The “warm” air from a Pacific storm is bringing more heat to the eastern Pacific than ever before, according to a new study.
The study, published in the journal Nature Climate Change, found that the warm air in recent years is bringing on more heat than the warmest air from the Pacific Ocean, the Atlantic Ocean and the Indian Ocean combined.
“This is the most warm air that we have ever seen in the Pacific,” said study co-author David Tett, of the National Oceanic and Atmospheric Administration’s Hawaiian Volcano Observatory in Honolulu.
“We have had an increase in temperatures and the intensity of this type of heat.
That heat is impacting the climate.”
The research was led by Tett and a team of scientists from the University of Hawaii, who found that warm air from two of the Pacific’s major storm systems is now driving more heat into the Pacific than in any other time in recent history.
“If the warm jet stream is what we think it is, then this event is going to have a huge impact on climate,” said co-lead author and oceanographer Michael Sperling, a researcher at the University at Buffalo, New York.
The researchers measured temperature records from two sites that recorded heat waves, one near Hawaii and the other at the mouth of the Oahu River.
They found that over the past three decades, warmer air has reached the Pacific from the east than from the west.
Tett said this is a “very good example” of the “pacific feedback loop”, which can have a “significant” impact on the climate.
“The Pacific can be very cold and hot, and in the past, when it has been warm, there has been an increase of heat,” Tett said.
“Now, it is the opposite.
So we’re seeing an increase.”
The researchers said this may have been a result of a warming climate, but the Pacific may also be exacerbating the problem.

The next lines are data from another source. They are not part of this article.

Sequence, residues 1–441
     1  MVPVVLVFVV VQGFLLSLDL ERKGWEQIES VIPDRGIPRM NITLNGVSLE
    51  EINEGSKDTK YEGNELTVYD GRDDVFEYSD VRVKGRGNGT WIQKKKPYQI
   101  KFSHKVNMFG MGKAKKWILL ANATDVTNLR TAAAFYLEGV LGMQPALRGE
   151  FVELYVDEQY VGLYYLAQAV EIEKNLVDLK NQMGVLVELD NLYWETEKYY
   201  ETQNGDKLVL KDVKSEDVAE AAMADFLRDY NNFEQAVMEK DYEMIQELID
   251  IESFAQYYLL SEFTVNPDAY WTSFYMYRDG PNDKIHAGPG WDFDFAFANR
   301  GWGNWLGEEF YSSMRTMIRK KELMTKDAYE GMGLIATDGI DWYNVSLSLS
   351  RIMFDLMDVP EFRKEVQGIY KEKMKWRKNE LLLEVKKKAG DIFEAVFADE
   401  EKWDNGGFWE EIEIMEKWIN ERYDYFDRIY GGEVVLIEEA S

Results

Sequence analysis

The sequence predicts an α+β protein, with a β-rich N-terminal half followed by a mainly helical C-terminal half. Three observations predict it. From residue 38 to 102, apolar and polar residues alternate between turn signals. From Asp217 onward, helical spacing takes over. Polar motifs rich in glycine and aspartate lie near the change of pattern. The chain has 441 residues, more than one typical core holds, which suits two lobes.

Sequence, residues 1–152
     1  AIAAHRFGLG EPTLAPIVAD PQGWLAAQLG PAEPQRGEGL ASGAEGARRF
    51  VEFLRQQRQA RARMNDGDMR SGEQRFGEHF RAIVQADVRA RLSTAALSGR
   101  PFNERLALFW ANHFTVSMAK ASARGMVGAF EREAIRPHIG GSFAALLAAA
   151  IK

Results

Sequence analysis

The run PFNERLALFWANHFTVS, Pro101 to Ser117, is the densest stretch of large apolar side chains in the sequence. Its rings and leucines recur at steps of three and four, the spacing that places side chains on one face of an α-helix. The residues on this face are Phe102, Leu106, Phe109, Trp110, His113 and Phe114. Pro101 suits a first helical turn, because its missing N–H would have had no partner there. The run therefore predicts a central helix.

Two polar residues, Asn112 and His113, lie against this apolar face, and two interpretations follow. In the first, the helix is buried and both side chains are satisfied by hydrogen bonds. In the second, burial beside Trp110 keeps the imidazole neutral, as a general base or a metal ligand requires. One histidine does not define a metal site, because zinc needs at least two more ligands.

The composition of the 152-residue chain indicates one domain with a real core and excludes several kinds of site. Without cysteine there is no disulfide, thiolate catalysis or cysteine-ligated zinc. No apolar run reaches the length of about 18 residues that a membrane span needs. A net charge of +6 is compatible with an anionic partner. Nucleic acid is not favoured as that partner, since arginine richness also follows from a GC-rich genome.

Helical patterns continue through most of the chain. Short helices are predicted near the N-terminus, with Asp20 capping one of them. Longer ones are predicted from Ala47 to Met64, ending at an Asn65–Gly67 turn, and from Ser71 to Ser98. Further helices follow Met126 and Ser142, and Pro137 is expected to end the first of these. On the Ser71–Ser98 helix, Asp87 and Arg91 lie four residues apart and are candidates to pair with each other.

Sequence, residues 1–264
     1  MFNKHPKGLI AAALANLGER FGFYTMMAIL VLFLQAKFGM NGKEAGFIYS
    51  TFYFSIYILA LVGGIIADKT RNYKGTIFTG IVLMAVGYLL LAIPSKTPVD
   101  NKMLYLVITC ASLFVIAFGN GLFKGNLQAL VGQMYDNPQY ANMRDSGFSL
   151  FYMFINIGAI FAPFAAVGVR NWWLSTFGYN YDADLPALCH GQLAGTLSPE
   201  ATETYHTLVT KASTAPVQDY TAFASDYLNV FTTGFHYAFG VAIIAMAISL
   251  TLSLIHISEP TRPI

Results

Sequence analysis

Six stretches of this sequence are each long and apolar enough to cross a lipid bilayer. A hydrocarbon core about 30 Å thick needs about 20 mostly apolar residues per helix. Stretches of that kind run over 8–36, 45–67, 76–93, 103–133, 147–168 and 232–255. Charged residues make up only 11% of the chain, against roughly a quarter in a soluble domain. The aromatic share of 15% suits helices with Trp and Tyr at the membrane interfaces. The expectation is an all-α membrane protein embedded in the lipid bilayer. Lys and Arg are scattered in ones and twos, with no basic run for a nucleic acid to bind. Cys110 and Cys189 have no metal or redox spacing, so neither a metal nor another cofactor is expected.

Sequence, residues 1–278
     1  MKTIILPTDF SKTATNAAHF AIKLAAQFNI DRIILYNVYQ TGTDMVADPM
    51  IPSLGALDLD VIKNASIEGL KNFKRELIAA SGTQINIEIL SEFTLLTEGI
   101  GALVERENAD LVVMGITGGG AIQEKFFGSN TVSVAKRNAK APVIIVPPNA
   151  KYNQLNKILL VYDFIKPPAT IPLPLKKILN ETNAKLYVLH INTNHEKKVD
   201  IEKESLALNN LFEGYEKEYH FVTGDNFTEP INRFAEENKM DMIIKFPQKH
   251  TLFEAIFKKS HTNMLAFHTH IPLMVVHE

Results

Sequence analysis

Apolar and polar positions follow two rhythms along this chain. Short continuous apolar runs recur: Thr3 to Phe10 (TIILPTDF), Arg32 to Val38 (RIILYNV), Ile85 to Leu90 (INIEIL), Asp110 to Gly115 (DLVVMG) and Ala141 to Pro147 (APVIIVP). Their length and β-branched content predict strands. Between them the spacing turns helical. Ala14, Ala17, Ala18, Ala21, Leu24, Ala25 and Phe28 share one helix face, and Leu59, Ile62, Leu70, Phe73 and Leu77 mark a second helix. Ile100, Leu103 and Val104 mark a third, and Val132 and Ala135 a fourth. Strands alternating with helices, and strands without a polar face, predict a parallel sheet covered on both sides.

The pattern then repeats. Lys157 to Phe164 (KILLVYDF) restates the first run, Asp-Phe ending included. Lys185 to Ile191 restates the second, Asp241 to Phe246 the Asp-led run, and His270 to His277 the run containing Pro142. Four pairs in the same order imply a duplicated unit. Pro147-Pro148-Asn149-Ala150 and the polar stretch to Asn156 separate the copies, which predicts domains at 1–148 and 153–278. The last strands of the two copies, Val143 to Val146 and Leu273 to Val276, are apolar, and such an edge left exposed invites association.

“There’s a warming trend going on, but that’s not a perfect analogy for this.
We can’t really tell whether it is a global trend or a Pacific one,” Titt said.
The research team analysed data from three different sites, and found that warmer air from both the Atlantic and Pacific has increased the intensity and intensity of heat waves.
The warm air is also bringing more moisture to the ocean than in previous years.
“As we get warmer, we’re also bringing on an increase and an increase,” said Sperlings.
The scientists say the research suggests that there is a strong connection between a warming Pacific and a warming world.
“Our results show that the Pacific is not the only factor driving a warming of the atmosphere,” said lead author and glaciologist Chris Stringer, of NASA’s Goddard Institute for Space Studies in New York City.
“It’s also the Pacific that is the biggest contributor to this warming.”
The team said the heat wave that brought on the 2015 heat wave may have also been a product of warmer ocean waters, which could affect future climate.
The authors of the study also found that sea surface temperatures in the western Pacific were rising by more than 5 degrees Celsius, more than the 1.5 degrees Celsius rise that is expected from greenhouse gas emissions.
“Sea surface temperatures are rising.
It’s not the warming in the atmosphere that is changing the temperature of the water, it’s the surface,” said Tett.
The paper was published in Nature Climate Climate Change.
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